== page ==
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Historic Pensacola Village
Although, comparatively speaking, the United States is not particularly old it does take great pride in its history and this can be evidenced in many towns and cities by their willingness to support restoration projects and develop historic districts for the benefit of both residents and visitors. Pensacola, on the Florida panhandle, is no exception and its historic village is well worth a visit.
It is located at the southern tip of the I-110 and can be accessed by leaving the freeway at exit 1-C. Turn left at the first set of lights on to Tarragona Street and a good sized parking lot can be found just four blocks away on Church Street.
The village is home to around twenty historic buildings as well as the T. T Wentworth, Jr. Florida State Museum and all are conveniently clustered along the length of Zaragoza and Church Streets.
Just to enjoy the colonial feel of the area and some of the brightly painted clapperboard properties may be enough for some, but if it’s history you are seeking Historic Pensacola Village will not disappoint.
The Lavalle House was built in 1805 and is described as French Creole in style. Inside the visitor will find exhibits including butter churns and a rope bed. At the rear of the property old cooking methods are re-enacted and workers, in the costume of the day, tend the herb garden.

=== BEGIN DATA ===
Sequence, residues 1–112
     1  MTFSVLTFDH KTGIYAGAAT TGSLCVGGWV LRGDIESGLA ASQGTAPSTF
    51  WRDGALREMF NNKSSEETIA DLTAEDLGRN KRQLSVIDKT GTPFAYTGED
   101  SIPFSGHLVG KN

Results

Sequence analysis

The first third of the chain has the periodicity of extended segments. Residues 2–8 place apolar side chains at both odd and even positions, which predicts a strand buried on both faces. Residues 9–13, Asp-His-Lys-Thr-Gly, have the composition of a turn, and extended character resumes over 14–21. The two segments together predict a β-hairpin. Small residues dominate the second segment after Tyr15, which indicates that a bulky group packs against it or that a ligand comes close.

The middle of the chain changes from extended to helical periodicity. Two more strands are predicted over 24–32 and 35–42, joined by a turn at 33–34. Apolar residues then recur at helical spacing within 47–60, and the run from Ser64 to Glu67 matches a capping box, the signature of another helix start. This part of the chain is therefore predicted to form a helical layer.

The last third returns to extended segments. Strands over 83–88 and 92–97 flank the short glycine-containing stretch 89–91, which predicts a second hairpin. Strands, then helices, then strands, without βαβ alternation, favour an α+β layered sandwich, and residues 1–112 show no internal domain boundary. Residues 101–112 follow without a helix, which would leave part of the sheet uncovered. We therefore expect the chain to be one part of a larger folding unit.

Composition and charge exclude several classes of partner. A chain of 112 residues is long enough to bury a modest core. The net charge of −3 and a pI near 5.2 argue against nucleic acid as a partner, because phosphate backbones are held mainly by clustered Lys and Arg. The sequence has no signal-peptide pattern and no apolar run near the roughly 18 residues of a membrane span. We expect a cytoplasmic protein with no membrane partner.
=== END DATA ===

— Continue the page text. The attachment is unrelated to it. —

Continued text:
The Dorr House is a prime example of post Civil War construction with its pillars, colonnades and first floor balcony.
A little further down the street is the Lear-Rocheblave House built in 1890. Again it is very colonial in appearance but the interior reflects a middle class family home during the Victorian period. Artefacts include a cast iron stove in the kitchen and a stereoscope, together with viewing cards, in the study.
Painted in pristine white Christ Church is a lovely example of one of the oldest places of worship in Florida. Built in 1832 it showcases intricate decorative woodworking and beautiful stained glass windows.
This is just a small sample of what Pensacola Historic Village has to offer and hopefully gives the reader a bit of a flavour of what to expect.
By far the best way to appreciate the village is to enrol on a guided tour which also covers the early history of Pensacola as a Spanish colony. These take place two or three times a day and can last for anything between one and one and half hours.
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